North Carolina People, Places, and Things-December 23
I am the dad to five adult children. As they were growing up I attempted to remind them they were special and to implore them to learn something new. My goal was to do that daily.
In 2016 my goal is to learn something new daily on the people, places, and things that make North Carolina special. Everyday this year I am doing a post on what I have learned new.
Robert Howe was the highest-ranking officer from North Carolina to serve in the American Revolution.
Robert Howe, planter, soldier, and politician, was born in New Hanover (later to become Brunswick County) in 1732. Robert Howe was the son of Job Howe (Howes), who moved to North Carolina from Charleston, S.C., and settled on the Cape Fear River where he prospered as a planter. Sarah, Job’s wife, was a descendant of Sir John Yeamans; Job’s mother, Mary Moore, was the daughter of South Carolina governor James Moore.
Young Howe, according to tradition, was educated in England. In 1754 he married Sarah Grange, daughter of Thomas Grange, but they separated in 1772. The number of both his legitimate and illegitimate children is open to debate. In her will Sarah Howe mentioned a son, Robert, and daughters Mrs. Ann Goodet Daniel and Mary Moore; another source adds a second daughter, and still another includes Robert and six daughters. Howe’s reputation as a womanizer was widely commented upon.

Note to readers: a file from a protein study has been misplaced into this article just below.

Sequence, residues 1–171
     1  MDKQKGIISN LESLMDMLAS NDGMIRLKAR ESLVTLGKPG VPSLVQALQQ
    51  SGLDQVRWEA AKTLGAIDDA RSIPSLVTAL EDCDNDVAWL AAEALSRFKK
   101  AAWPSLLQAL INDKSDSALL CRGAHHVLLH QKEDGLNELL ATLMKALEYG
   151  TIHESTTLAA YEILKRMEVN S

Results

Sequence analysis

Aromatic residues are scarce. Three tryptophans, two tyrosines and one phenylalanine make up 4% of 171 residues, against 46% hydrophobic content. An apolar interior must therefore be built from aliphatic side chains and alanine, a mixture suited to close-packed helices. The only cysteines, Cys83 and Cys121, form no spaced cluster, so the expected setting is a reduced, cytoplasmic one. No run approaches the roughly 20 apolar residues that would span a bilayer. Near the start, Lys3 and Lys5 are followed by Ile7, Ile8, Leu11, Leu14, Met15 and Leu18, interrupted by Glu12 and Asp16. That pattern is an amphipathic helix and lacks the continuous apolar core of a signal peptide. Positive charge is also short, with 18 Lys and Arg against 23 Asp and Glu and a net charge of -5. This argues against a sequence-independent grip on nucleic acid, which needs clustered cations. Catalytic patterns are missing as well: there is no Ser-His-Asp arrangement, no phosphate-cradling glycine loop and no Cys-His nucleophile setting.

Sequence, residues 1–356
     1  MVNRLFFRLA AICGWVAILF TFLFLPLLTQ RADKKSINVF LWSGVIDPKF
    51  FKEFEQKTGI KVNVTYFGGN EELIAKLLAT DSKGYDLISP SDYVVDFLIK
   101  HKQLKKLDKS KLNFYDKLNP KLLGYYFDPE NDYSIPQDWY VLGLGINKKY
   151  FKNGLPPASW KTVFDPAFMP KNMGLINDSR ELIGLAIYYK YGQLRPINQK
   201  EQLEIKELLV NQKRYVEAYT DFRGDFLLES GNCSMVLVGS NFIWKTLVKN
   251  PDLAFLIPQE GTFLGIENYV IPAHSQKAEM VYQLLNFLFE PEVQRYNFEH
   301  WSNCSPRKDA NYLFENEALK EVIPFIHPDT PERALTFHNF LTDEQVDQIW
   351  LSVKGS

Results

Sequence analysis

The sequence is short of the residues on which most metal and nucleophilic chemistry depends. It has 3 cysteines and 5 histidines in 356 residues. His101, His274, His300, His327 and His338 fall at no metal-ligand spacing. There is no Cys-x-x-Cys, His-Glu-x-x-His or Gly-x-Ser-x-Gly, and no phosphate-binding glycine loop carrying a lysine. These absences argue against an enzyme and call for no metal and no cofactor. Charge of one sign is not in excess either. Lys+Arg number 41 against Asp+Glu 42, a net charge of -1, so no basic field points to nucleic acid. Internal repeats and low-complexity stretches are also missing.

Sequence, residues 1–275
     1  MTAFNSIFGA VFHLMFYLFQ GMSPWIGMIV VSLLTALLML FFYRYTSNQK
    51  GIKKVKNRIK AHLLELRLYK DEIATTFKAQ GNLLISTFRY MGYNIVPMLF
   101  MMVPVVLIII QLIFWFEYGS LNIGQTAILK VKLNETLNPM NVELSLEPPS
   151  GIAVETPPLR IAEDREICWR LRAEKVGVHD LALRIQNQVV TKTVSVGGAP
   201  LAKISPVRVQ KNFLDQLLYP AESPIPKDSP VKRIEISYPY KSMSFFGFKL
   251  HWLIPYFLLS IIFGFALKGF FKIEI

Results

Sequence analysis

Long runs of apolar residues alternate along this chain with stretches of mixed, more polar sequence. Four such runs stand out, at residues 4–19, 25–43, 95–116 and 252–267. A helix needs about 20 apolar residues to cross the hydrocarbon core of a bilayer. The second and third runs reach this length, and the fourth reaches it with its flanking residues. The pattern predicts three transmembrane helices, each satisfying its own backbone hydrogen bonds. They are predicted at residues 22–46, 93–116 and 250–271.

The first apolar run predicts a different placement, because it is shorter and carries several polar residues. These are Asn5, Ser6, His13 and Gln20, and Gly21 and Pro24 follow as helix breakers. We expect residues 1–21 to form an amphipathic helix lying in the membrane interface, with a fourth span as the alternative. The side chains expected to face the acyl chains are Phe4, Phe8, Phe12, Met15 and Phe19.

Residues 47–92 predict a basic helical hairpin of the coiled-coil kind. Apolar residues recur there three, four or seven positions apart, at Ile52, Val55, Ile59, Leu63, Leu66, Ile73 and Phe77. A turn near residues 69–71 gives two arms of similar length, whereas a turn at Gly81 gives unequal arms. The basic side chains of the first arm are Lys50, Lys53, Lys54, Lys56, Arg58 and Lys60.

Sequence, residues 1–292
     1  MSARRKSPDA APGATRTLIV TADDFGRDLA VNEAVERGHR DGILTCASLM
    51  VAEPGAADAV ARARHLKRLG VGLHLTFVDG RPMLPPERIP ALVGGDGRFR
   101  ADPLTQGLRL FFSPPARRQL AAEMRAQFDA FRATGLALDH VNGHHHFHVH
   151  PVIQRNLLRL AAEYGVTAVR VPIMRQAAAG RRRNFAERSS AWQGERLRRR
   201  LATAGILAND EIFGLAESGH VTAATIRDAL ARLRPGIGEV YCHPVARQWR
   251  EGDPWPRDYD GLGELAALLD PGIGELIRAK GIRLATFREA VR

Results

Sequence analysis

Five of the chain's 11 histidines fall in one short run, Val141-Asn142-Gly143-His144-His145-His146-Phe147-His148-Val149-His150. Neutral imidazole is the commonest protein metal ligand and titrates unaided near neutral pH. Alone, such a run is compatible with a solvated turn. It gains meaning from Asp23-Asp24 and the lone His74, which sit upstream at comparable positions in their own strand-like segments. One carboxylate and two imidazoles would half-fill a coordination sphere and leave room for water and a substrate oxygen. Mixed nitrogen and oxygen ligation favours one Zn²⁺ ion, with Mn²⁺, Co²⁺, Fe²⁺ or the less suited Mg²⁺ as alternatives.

At the outbreak of the Revolution, he served as a member of the Wilmington Committee of Safety and led the local militia that took control of Fort Johnston which at the time was located in present day Southport, NC.
In 1775, Howe was appointed colonel of the 2nd North Carolina Continental regiment, and the next year, he was promoted to brigadier general. While he was serving in South Carolina, his plantations were burned by British troops.
After the war he served in the state legislature. On December 14, 1786, Robert Howe, Continental army general, died on his way to Fayetteville to serve in the state legislature.